Hiking the Coastal Alvar Trail-Part One

Wednesday, May 8, 2019, was a glorious day. I left by 10 for Misery Bay Provincial Park on the southern coast at the western end of Manitoulin Island. But being on island time, I first headed in the opposite direction to Providence Bay at the foot of Auberge Inn’s street.

Loveliness greeted me! Fresh air. Crisp breeze, Bright sunshine. Expansive beach. And the lapping waters of Providence Bay.

There is a marina of sorts with a building sporting provincial and national flags.

On the right was a children’s playground with one adult in sight and on the swing. I think I embarrassed him and he left before I took the photos. To the left was a boardwalk leading to a lookout and the nearby Mindemoya River. Thanks to Wikipedia , I learned the river got its name from an Ojibwe word that means “old woman.”

I walked a bit and chatted with a young hand-holding couple coming back from a morning beach walk.

I’m always attracted to boats at the water’s edge so stopped for a closer look at the row boat.

Time to leave and as I turned this huge mural caught my eye between the trees.

The drive had several large swings and took nearly an hour. Of course I stopped along the way to take photos of the farm land. I think these will be for irrigation, but let me know if for something else.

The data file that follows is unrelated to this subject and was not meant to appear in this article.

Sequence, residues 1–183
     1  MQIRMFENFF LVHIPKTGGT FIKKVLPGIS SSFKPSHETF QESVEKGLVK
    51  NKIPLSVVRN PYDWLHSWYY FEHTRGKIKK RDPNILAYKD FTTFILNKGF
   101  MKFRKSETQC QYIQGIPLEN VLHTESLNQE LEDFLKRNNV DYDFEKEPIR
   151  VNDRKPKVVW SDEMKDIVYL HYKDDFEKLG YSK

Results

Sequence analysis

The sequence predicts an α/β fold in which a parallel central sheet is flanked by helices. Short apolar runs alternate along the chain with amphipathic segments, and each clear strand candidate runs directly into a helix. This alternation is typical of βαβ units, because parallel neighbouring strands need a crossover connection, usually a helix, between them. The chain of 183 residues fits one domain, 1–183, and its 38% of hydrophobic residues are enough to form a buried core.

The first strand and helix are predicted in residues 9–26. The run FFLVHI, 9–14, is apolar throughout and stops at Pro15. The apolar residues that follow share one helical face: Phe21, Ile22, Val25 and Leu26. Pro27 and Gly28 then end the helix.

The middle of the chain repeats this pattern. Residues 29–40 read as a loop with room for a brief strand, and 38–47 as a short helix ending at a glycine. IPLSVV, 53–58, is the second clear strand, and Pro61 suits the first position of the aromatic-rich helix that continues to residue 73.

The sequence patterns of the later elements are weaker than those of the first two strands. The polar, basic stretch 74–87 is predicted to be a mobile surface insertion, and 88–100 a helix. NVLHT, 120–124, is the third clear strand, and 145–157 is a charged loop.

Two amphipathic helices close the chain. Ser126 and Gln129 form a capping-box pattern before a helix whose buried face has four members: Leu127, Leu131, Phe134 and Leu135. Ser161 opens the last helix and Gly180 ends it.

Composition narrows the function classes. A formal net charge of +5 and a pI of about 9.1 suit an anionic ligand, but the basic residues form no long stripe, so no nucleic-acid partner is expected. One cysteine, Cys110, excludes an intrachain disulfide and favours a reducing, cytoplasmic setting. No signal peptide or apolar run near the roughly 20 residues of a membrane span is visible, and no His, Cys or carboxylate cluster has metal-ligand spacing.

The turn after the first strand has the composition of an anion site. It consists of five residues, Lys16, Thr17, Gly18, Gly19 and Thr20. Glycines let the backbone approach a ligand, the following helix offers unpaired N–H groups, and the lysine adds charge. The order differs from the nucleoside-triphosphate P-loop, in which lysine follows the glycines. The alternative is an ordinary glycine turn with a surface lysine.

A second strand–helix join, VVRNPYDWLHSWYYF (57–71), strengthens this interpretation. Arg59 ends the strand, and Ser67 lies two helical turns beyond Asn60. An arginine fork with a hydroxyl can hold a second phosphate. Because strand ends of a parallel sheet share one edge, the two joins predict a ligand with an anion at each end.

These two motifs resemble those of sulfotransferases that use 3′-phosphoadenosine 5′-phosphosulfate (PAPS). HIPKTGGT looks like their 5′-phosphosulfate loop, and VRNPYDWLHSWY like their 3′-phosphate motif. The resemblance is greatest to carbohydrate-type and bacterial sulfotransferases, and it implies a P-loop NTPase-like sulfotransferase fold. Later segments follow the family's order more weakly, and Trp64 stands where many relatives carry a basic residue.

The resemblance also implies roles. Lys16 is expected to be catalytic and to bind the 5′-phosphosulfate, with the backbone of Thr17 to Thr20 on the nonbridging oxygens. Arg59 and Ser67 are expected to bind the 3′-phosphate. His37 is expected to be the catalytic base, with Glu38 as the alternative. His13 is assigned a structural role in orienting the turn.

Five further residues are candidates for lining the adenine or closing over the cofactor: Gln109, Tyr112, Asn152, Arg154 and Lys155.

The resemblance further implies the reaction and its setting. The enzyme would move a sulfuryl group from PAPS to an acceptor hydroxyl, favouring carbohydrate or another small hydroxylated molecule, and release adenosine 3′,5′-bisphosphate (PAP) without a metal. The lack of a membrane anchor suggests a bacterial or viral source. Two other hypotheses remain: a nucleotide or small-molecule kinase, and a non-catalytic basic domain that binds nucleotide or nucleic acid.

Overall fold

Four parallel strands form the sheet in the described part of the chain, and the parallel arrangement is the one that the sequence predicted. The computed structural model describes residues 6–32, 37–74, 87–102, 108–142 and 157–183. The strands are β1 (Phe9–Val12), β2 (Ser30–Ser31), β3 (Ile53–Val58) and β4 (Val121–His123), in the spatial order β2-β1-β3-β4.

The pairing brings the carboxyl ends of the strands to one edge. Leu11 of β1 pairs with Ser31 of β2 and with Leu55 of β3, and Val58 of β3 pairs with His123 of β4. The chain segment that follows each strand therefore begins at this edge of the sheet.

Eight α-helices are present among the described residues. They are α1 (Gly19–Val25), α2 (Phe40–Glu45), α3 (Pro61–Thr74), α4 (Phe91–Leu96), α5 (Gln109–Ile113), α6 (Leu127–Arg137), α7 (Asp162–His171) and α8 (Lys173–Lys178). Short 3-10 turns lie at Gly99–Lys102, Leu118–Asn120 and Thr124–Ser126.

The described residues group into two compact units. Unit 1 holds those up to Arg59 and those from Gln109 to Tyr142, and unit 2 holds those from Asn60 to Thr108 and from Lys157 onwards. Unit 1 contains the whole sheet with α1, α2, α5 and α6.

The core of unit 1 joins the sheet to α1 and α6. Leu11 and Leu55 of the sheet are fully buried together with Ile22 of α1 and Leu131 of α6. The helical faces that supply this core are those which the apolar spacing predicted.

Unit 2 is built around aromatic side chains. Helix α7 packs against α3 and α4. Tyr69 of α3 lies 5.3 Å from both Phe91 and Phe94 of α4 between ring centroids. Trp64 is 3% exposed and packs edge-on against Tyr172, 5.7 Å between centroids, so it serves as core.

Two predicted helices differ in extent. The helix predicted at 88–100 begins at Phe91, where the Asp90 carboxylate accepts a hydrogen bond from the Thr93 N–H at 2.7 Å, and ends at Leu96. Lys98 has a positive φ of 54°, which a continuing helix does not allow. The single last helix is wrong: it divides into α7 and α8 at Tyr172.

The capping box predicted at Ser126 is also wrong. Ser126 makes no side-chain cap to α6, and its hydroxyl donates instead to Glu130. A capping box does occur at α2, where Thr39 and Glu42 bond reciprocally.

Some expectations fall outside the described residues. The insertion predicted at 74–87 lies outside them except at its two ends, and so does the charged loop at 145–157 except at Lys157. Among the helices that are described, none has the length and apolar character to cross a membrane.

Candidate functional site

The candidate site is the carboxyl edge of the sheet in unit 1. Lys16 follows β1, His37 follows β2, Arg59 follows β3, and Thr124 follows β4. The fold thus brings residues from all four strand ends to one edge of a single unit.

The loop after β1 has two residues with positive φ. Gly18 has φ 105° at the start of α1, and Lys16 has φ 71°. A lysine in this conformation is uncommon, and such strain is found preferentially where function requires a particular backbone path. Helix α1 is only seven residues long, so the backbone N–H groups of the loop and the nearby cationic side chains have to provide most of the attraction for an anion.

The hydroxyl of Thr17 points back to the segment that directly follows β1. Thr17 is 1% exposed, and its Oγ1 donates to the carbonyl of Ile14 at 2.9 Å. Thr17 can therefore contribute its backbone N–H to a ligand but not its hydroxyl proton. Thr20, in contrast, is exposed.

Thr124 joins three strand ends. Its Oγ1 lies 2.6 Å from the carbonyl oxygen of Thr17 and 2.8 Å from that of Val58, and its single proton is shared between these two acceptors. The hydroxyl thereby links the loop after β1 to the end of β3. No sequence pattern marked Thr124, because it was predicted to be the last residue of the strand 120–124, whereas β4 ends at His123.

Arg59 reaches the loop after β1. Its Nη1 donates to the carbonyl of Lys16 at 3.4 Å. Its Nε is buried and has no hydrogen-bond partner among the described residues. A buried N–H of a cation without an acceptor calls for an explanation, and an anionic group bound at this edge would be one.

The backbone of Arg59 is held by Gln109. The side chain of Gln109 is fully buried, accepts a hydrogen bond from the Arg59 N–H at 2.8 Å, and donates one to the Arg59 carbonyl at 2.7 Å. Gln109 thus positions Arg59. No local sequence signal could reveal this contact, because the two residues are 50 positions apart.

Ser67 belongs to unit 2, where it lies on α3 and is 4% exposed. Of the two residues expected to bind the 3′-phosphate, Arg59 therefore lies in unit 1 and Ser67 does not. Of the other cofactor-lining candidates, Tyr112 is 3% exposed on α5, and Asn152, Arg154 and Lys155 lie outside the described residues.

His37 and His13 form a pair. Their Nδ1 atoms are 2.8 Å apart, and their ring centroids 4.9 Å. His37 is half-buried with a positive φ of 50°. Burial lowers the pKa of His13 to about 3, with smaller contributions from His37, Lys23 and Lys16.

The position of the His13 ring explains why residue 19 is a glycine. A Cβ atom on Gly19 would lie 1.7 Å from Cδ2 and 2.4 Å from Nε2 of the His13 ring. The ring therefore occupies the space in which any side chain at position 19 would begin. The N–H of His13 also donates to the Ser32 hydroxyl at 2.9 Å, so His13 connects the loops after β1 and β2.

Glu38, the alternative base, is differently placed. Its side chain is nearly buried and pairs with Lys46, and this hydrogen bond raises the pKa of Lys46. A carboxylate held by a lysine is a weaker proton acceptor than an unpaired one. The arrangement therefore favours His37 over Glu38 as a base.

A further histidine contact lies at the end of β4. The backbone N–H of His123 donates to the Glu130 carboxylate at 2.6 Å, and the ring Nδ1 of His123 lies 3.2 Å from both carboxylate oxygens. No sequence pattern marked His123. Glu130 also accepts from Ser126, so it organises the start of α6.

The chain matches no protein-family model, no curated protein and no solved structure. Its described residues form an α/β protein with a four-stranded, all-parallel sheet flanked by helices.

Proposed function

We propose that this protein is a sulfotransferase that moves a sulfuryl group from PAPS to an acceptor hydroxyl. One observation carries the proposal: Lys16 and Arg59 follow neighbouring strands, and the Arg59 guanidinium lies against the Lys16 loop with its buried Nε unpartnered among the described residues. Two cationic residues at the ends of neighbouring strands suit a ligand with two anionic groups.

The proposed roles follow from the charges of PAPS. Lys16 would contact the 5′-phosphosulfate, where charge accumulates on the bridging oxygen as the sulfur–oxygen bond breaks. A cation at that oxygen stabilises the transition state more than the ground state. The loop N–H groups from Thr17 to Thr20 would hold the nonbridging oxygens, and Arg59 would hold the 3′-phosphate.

Loved the cows. A farmer I interviewed the next day said they refer to these as cows on the rock.

We were checking each other out.

Almost there

There. Interestingly, while Misery Bay is a provincial park, it’s entirely managed and staffed by volunteers.

The lure of Misery Bay is the globally rare Alvar plant communities. Alvar is only found in a few places on Earth. Unless it’s spring bloom, they can look like cracked parking lots.

It was such a perfect crisp sunny day with light breeze. As I drove in the parking lot I saw I was the only one there. Okay, then. Here I go. I knew I wanted to get to the water so looked on the map and picked the Coastal Alvar Trail.

I headed out to do the walk to the bay and back, about an hour roundtrip plus (many) stops to take photos. Here’s the building run by volunteers although too early in the year.

I’m going to load this up now because I’m at my daily high-speed limit. I’ll finish the Coastal Alvar Trail in the morning.

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